starring Jared Leto, Sarah Polley, Diane Kruger
written and directed by Jaco Van Dormel
How do you like your speculative fiction? Do you like it straight forward, asking that one big question? Or, do you prefer the movies that are more vague, less linear, and bordering on the pretentious? Well, if you answered the latter, then Mr. Nobody may be the movie for you.
Jared Leto plays Nemo Nobody plays a centenarian in the year 2092, famed as the last human who will die of natural causes, as technology has advanced to make aging obsolete. He is an enigma to the world and treated as less a celebrity, but more like a barnyard oddity. And a reporter has arrived to hear his life story, since so little is actually known about him.
But, Nemo's memories seem confuses as he tells his story with not one linear path, not two, but three. And each of these lives is visiting at three key moments in his life, during his childhood, teen years, and mid-thirties. Each of the three lifetimes show how his life played out after falling in love with one of three girls, Jeanne, Elise, and Anna.
The movie plays out in a non-linear fashion, shifting about not only through the three key time periods--along with brief interludes in Nemo's present as an old man narrating the tale--but also shifts between the three realities. Exploring the choices he made in his life and which ones were the right ones. When his parents divorced, would he choose to stay with his father in Britain or leave with his mother to Canada? Would he wind up with the emotionally disturbed Elise, the romantically distant Jeanne, or the girl who got away, Anna.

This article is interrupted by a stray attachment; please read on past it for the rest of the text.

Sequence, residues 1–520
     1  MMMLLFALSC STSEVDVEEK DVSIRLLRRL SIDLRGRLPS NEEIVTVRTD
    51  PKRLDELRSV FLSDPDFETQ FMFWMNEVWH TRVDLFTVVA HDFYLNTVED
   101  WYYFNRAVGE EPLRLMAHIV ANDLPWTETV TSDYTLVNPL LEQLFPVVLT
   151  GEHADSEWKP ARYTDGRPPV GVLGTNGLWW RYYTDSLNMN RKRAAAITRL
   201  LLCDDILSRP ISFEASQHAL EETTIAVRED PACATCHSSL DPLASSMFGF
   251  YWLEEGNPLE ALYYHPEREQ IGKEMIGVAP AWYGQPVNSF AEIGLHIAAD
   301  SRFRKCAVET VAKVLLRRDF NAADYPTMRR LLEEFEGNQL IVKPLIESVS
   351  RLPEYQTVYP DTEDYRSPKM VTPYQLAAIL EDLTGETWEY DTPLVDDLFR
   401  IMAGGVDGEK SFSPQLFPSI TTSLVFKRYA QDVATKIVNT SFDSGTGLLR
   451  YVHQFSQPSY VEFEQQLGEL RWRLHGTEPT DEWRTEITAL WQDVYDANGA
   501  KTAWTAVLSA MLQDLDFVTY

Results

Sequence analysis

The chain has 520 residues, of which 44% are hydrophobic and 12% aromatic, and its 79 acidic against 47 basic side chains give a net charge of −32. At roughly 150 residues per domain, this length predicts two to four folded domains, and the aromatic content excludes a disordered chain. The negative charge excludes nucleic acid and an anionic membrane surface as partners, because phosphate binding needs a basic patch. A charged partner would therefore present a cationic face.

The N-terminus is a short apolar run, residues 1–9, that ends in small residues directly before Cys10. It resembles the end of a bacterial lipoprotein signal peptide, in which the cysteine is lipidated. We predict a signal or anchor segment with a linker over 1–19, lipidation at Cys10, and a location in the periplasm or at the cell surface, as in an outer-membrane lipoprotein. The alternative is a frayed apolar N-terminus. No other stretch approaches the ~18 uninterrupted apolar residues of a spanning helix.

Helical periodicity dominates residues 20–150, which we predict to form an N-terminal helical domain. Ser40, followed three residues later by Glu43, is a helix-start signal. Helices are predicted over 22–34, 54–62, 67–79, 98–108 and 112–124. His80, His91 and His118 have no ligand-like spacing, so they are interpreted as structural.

I really wanted to love this movie, and for the first ninety minutes I did. The problem was that there was another hour to go and the movie was spinning its wheels. God, I hate it when a movie insists on being over two hours long when so few need to be, and I think this one would have been fine if they had shaved fifteen to twenty minutes off of it.
There are some genuinely good performances from the likes of Sarah Polley as Elise, Juno Temple as the teenage Anna, and Rhyss Ifans as Nemo's father. Even Jared Leto offers up a strong performance as both the thirty-something Nemo and the elderly and invalid Nemo--under a metric ton of make-up effects.
It's a movie that is visually stunning to watch, both for the glimpses of the fantastical, but the effectiveness of the more mundane scenes. Again, my only real gripe as a viewer was the length of the film and how it seemed to stall a little after the midway point. I shouldn't be looking at the clock, waiting for the movie to wrap up, as it makes me harbor a resentment towards the rest of the film. Shame, too.